Thursday, May 7, 2015

The Maccabean Revolt and the Ambiguous Identity of Gentile Christ-Believers in Acts

My major priority right now is finishing a draft of an essay that I am to present at the Canadian Society of Biblical Studies in Ottawa at the end of the month. I am posting a (lightly revised) version of the abstract I submitted in January because I hope to comment more on questions related to the paper in a bit:
In this paper I will argue that Luke draws on the familiar storyline of the Maccabean revolt both to present criticism of Paul and to respond to it. The claim that Paul, like the Hellenizers of the Maccabean era, defiled the temple, and taught against the law and the people (Acts 21:28) treats Paul’s Gentile mission as a threat to Jewish identity. Luke responds by reversing the Maccabean “script”: Instead of collapsing a distinction between Jews and Gentiles, Luke maintains that the charges against Paul confuse Paul’s instructions to Gentiles with his instructions to law-observant Jews, and suggests that it is not Christ-believing Jews, but Paul’s Jewish opponents who violate the law and are thereby responsible for the temple’s demise.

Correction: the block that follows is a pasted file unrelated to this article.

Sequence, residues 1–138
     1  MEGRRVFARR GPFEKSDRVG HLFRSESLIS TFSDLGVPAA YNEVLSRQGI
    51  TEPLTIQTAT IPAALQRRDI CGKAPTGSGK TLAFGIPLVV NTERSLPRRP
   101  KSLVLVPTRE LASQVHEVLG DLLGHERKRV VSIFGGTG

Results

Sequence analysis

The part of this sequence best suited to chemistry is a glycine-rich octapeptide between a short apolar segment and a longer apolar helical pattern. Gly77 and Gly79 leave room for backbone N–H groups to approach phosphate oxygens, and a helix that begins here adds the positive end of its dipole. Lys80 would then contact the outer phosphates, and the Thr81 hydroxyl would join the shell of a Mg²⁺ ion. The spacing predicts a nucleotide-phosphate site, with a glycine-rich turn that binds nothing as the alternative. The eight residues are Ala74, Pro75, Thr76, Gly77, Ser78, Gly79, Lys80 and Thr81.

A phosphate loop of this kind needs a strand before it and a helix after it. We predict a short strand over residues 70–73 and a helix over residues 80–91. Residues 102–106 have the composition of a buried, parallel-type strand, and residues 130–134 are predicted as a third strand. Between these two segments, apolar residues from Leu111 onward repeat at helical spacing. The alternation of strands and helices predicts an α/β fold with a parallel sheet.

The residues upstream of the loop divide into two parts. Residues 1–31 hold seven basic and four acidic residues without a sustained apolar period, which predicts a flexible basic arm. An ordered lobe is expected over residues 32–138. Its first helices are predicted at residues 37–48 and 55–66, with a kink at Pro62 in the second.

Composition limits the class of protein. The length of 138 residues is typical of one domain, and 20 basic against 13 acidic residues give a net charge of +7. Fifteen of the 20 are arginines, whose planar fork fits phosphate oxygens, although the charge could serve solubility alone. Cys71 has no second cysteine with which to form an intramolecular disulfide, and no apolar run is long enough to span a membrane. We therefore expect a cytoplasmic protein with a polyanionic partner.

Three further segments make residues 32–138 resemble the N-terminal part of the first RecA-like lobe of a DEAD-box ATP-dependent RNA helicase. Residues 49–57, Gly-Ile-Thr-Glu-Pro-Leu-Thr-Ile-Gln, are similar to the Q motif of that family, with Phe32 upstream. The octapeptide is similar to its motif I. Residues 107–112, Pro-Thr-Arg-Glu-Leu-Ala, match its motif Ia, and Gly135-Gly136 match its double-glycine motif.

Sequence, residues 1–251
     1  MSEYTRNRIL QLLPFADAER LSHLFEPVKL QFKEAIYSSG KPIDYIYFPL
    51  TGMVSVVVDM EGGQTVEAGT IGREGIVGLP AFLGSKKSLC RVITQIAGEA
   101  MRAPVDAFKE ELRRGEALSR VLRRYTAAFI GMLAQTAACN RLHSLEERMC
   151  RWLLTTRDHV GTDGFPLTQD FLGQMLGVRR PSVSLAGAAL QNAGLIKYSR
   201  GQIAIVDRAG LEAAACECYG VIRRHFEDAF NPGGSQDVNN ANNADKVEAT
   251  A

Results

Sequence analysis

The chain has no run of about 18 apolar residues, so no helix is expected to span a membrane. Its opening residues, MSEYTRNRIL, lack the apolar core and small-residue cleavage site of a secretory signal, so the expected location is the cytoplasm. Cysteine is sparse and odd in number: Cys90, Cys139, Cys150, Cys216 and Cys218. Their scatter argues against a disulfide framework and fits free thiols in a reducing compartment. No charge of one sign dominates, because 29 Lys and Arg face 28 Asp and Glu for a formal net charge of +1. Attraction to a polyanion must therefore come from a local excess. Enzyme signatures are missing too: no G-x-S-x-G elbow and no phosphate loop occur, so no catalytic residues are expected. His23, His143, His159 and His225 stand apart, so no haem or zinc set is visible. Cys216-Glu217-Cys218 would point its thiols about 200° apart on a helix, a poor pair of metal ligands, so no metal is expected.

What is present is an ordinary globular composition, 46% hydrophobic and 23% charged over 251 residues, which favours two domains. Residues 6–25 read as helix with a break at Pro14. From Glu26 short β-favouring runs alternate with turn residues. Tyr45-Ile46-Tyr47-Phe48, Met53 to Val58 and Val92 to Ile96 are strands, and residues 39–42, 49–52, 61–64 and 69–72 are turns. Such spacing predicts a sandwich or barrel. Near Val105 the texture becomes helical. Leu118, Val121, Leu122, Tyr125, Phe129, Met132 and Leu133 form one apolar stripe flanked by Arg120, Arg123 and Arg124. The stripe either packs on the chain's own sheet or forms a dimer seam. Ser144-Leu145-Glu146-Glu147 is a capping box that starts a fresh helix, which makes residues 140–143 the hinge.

It is not coincidence that my paper deals with some of the same issues I was working through last year (here, here, here, here, and here).

No comments: